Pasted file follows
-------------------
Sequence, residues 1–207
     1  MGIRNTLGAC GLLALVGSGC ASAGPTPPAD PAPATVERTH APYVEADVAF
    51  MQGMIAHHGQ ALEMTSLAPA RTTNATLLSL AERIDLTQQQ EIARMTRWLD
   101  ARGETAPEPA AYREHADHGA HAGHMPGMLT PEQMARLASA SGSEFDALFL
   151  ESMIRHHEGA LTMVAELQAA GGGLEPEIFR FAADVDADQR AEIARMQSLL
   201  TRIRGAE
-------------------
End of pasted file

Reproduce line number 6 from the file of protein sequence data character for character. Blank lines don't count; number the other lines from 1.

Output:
   201  TRIRGAE